Man: I planned to rob, not kill, victim

Shane Mitchell testified about events surrounding a Salem man's murder.
LISBON -- A few hours after a man was beaten to death in a church parking lot in Salem, a defendant was telling his story to investigators.
Shane A. Mitchell, 19, of Fifth Street, Salem, said he planned only to rob a man, Salem Detective Sgt. Robert Brown testified Wednesday.
Mitchell is on trial in Columbiana County Common Pleas Court on a charge of murder.
Mitchell and Richard P. Forrester, 20, of Lisbon, were indicted after being accused of punching or kicking Bradley L. VanHorn of Salem in the head and upper body. Prosecutors say the attack took place between 1 and 4:30 a.m. Dec. 11, 2004. VanHorn's body was found near the south entrance to the church.
Forrester is serving a mandatory 15-year-to-life sentence after pleading guilty to a charge of murder.
Day's testimony
Brown testified that his investigation made him search for Mitchell and Forrester, who initially could not be found.
Mitchell came to the police station after hearing that VanHorn was dead.
Brown testified that Mitchell's appearance was clean and neat, but that he also was nervous and upset with dry heaves and that he smelled of alcohol.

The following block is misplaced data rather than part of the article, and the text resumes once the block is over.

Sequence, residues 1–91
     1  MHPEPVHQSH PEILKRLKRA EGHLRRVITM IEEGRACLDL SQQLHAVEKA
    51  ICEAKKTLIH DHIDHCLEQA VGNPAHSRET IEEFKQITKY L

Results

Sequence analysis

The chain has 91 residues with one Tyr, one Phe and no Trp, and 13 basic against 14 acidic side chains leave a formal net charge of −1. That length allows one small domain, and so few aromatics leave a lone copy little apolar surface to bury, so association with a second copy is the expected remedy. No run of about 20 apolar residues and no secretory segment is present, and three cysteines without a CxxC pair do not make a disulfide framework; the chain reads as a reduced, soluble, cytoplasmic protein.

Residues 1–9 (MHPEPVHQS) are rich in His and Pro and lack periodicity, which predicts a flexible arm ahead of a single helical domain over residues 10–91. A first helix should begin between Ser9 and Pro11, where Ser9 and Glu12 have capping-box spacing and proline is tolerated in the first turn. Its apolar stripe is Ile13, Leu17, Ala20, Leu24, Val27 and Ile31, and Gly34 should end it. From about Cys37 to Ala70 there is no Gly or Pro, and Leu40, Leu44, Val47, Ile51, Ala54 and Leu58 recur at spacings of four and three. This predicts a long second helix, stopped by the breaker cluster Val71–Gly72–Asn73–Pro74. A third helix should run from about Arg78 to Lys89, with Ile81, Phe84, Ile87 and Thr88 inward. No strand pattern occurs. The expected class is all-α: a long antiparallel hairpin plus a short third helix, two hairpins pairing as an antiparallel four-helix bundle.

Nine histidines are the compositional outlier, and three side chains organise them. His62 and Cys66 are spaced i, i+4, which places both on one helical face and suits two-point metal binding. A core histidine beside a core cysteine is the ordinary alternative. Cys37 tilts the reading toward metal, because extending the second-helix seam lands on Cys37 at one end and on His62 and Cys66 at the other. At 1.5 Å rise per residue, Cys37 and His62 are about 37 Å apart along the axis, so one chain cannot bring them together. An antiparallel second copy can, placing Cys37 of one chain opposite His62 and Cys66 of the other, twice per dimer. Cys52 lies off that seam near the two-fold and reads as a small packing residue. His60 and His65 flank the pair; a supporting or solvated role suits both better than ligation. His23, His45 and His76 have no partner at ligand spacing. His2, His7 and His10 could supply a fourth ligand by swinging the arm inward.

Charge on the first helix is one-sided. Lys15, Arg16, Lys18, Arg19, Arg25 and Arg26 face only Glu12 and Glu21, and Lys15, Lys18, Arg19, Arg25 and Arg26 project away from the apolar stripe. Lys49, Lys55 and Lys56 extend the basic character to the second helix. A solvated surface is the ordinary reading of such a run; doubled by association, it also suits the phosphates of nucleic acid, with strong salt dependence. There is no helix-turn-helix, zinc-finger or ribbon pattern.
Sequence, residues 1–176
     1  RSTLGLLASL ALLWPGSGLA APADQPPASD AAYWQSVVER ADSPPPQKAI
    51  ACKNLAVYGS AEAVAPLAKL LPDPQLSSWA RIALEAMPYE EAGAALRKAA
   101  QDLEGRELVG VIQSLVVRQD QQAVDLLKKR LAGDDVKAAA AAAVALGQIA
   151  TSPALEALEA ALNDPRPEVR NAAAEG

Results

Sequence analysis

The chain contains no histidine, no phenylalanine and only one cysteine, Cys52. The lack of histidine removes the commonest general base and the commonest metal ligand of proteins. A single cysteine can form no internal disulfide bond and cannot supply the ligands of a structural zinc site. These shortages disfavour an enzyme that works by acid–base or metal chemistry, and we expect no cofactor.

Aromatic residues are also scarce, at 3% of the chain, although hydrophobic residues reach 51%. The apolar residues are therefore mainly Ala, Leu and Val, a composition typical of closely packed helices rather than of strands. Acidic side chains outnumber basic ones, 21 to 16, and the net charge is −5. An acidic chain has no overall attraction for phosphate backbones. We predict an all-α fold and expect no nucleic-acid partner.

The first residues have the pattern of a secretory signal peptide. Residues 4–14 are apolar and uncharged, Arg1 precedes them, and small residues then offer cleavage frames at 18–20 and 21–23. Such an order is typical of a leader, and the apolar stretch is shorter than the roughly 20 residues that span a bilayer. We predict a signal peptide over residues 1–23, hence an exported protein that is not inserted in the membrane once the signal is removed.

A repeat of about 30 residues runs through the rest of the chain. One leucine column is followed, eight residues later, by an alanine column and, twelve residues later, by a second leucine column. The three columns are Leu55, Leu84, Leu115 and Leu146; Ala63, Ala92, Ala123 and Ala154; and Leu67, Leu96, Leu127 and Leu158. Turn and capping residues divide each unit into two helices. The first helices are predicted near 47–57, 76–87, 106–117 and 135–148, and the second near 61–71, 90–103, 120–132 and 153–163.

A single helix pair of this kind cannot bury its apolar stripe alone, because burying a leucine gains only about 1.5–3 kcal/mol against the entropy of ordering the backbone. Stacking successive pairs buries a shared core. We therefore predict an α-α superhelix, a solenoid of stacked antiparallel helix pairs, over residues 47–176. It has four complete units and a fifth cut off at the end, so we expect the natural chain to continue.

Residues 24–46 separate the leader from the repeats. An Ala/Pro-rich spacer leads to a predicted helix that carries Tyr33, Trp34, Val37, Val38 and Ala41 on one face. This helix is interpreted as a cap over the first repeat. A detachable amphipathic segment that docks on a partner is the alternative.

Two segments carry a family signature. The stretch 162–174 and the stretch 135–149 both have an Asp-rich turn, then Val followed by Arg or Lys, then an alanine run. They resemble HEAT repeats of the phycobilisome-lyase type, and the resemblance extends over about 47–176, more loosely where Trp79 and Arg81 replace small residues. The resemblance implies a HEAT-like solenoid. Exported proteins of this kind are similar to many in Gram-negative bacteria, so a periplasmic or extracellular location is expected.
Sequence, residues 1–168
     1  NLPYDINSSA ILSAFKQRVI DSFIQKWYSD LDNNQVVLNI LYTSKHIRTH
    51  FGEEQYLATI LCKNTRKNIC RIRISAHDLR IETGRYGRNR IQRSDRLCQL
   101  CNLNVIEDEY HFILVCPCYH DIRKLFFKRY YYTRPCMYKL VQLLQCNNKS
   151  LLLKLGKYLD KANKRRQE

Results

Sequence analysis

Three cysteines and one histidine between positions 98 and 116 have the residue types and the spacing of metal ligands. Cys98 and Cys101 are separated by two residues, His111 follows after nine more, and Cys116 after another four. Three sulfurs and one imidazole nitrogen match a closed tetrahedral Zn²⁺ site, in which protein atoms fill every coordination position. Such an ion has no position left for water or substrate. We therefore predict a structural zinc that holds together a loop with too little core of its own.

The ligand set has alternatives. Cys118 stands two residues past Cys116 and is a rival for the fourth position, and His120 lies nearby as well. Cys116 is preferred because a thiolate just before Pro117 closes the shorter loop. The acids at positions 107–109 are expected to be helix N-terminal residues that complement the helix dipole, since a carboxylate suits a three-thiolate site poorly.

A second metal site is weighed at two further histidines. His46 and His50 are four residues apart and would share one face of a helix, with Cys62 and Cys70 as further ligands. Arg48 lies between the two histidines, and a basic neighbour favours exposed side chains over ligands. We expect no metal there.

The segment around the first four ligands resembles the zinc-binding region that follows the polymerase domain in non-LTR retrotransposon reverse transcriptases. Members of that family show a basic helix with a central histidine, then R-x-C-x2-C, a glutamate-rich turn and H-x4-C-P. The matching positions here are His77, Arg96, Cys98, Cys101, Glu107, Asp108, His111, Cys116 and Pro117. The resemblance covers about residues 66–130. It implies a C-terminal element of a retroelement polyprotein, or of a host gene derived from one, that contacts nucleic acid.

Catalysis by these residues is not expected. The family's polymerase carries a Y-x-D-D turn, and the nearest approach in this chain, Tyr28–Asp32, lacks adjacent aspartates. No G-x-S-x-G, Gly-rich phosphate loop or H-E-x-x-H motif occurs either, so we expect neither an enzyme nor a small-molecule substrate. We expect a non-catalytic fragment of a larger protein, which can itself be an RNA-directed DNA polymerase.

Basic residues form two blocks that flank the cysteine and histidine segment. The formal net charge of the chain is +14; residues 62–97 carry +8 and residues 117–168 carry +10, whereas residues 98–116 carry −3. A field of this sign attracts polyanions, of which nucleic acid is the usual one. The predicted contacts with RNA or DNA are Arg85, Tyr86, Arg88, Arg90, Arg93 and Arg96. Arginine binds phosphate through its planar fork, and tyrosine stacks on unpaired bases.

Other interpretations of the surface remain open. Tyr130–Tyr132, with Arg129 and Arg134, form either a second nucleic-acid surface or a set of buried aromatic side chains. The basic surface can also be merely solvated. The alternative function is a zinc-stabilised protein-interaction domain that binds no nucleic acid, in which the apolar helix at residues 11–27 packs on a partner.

Mitchell told investigators he was drunk that night.
Brown recorded Mitchell's statement, and the tapes were played for the jury.
Mitchell told authorities that the plan was to take VanHorn's money on the pretense that they would buy drugs for him. The request to buy drugs was made at a Salem bar, he said.
A third man, who has not been charged, drove the car. Mitchell told Brown that, "we didn't specifically say that we were going to rip this guy off."
Mitchell said that when he got out of the car with Forrester and VanHorn, Forrester punched VanHorn in the back of the head and he fell.
Mitchell told Brown that when he rolled VanHorn over, Forrester kicked VanHorn in the head.
"I knew he was hurt, but I didn't know he was hurt that bad," Mitchell said.
The defendant said he was offered half of the money but added, "I was scared and didn't want any part of it."
Mitchell acknowledged he burned the clothes he was wearing earlier that day. Brown testified the charred remains were no use to forensic investigators.
Mitchell also admitted that he disposed of VanHorn's wallet in a trash receptacle. Authorities say that VanHorn's cigarette lighter also was taken.
Defense attorney Ronald Yarwood asked the detective about consistent points in Mitchell's story.
Brown answered, "The evidence doesn't match his statements."

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